top of page


Updated: Nov 18, 2022

By James Bonilla – Academic Director – SuperSci

Many times, I find that although educators, pedagogues, researchers and even scholars think they have a clear understanding of what educational paradigms are, when asked to elaborate on the concept, they seem to be somewhat unable to fully show understanding of the concept.

Hence, for the purpose of clarification, let us officially define what a paradigm is: According to Merriam-Webster Dictionary a paradigm is a philosophical and theoretical framework of a scientific school or discipline within which theories, laws, and generalizations and the experiments performed in support of them are formulated. In simple words, it is the general and “proven” belief of that which is an absolute truth.

Let’s put that in simple terms. Around 460 BCE, the accepted paradigm was that the Earth floated in water like a log and that it was flat. Then, around 330 BCE, the paradigm shifted to the belief that the Earth was spherical. Then, during the dark ages, the paradigm shifted to believing that the Earth resembled a wheel and so on.

Now then, when we talk about paradigms in education, the concept is pretty much the same. An absolute truth is accepted until a new theory is proven against all doubts. Let’s use a more relatable analogy to illustrate this: As a young student who has non-diagnosed Dyslexia, not only did I have to cope with my misunderstood condition, but having a high level of divergent thinking skills, I had to deal with the brick wall that teachers held regarding what the absolute and only correct response would be the one provided by them and/or textbooks. Such environment almost killed my love for the sciences along with “education” in general and made me think about dropping out many times.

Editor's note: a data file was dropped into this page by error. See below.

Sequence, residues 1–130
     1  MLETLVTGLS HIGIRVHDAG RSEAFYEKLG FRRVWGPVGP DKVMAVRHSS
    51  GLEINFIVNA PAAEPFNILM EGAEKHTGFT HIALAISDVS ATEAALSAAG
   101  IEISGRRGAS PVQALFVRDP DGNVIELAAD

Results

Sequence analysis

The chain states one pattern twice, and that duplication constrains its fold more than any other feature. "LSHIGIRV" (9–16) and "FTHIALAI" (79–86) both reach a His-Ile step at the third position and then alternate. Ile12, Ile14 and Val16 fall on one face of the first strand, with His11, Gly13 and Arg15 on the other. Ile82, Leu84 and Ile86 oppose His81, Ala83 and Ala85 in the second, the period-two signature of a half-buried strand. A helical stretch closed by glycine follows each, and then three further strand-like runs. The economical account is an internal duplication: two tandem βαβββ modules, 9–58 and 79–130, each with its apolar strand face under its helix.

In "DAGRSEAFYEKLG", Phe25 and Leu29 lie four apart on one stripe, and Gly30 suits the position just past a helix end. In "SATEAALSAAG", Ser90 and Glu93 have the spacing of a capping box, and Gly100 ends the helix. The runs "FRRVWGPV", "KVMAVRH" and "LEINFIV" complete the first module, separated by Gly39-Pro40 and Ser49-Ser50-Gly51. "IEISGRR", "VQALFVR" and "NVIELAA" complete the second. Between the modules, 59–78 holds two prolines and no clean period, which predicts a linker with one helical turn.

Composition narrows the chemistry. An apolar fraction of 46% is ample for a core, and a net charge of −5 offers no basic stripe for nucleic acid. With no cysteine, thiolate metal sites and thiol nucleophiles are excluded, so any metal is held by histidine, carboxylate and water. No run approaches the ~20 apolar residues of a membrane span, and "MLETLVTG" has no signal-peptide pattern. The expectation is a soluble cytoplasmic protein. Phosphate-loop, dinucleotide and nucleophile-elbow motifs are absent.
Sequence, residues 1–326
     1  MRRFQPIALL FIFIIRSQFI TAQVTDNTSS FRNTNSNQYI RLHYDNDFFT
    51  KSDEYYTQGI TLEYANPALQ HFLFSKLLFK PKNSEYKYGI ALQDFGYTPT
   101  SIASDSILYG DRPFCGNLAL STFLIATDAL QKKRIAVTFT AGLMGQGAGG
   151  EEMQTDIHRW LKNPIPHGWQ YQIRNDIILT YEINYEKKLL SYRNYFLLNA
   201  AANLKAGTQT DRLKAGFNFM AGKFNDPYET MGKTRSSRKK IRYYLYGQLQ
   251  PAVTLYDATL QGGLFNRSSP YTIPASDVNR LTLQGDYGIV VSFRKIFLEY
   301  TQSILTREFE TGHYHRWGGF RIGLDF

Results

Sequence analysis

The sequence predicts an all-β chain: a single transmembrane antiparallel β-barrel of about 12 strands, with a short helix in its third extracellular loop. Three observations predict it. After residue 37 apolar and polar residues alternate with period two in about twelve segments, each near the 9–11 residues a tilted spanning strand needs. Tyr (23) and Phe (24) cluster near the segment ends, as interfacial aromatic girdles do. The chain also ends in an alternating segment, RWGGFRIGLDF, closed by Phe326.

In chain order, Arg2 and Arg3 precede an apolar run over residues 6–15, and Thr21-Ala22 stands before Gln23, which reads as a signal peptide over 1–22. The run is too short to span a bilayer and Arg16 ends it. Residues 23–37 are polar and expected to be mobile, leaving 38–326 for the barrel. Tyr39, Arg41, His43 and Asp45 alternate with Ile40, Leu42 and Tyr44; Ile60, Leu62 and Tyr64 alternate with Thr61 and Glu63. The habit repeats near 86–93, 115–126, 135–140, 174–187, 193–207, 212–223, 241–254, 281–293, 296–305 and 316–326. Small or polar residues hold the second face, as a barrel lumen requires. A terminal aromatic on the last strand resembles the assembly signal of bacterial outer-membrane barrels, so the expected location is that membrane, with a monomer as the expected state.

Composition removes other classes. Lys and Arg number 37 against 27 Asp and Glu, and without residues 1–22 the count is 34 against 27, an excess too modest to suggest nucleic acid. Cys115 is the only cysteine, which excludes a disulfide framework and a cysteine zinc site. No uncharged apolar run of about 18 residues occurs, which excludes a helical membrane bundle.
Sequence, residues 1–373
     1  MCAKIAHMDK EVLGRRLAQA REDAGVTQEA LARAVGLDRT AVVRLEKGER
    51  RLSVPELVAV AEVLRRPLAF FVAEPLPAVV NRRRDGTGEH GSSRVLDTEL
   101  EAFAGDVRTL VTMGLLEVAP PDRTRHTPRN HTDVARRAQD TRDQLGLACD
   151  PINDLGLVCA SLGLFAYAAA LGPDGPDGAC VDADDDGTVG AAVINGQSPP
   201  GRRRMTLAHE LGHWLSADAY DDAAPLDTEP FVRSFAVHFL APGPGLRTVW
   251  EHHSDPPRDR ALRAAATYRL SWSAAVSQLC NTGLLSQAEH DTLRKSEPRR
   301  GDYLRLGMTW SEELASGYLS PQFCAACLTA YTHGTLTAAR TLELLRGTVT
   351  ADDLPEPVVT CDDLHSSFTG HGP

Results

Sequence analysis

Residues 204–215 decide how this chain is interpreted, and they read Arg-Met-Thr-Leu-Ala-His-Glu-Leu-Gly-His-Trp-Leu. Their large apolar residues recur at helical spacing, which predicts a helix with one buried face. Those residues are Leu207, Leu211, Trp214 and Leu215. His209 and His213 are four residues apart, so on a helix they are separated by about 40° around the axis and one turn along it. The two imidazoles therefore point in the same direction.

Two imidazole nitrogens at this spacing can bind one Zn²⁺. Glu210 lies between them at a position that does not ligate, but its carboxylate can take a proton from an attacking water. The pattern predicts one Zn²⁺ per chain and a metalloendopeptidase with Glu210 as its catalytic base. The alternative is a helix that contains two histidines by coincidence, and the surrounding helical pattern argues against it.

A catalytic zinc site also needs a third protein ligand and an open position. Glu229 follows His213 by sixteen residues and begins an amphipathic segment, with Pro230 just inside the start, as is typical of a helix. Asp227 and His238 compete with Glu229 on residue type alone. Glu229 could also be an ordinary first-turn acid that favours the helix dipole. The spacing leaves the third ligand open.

To add insult to injury, my only choice to look for answers to solve assignments was found in books and encyclopedias where the answers were not only absolute and irrefutable but, more often than not, unreliable and lacking any chance for inquiry, collaborative work, or the proposal of alternate solutions. But such was the paradigm of absolute answers and total discouragement to challenge the set answers without the slightest chance to bring alternate ideas to the table.

Nowadays, I see the same trend even though technology has allowed me to look for all sorts of alternate options. Learners faced with assignments just go to a search engine to find a whole world of resources and simply choose the provided answers. The issue with this is that they do not develop the problem-solving skills needed to succeed in the real world, especially in the XXI Century reality.

When the concept of SuperSci was conceived, all of these factors, along with many others were taken into consideration. The first and foremost thing we knew was that we wanted to create an NGSS standards-based interactive, innovative, engaging, and fun learning platform designed with a focus on the needs of the XXI Century Curriculum, and we did. Following this train of thought, we also decided to break away from the traditional model and create our learning platform focused on offering both learners and teachers a fun, engaging, authentic, and innovative option to really experience Science from a relatable, authentic hands-on perspective.

Hence, we decided to pursue the STEAM education model to conceive, create and implement a platform that would effectively shift the set paradigm, and this is what we learned:

The STEAM model integrates concepts, topics, standards, and assessments is such a way that learners become fully engaged through the analysis of problems, past failed attempts to solve them, collaborative work, use of cross cutting subjects to find solutions and the chance to offer options that shift away from the set paradigm. In other words, learning becomes a relatable exercise that breaks down the limits of the classroom and brings learning into the reality of each learner’s context.